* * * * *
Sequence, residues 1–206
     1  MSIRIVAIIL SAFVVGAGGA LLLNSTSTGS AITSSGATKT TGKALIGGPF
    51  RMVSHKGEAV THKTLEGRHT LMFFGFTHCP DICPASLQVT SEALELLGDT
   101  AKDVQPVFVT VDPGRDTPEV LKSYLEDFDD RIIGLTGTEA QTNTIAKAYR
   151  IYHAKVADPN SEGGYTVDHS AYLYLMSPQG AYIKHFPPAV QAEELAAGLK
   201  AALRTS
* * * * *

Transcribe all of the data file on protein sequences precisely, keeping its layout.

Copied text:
Sequence, residues 1–206
     1  MSIRIVAIIL SAFVVGAGGA LLLNSTSTGS AITSSGATKT TGKALIGGPF
    51  RMVSHKGEAV THKTLEGRHT LMFFGFTHCP DICPASLQVT SEALELLGDT
   101  AKDVQPVFVT VDPGRDTPEV LKSYLEDFDD RIIGLTGTEA QTNTIAKAYR
   151  IYHAKVADPN SEGGYTVDHS AYLYLMSPQG AYIKHFPPAV QAEELAAGLK
   201  AALRTS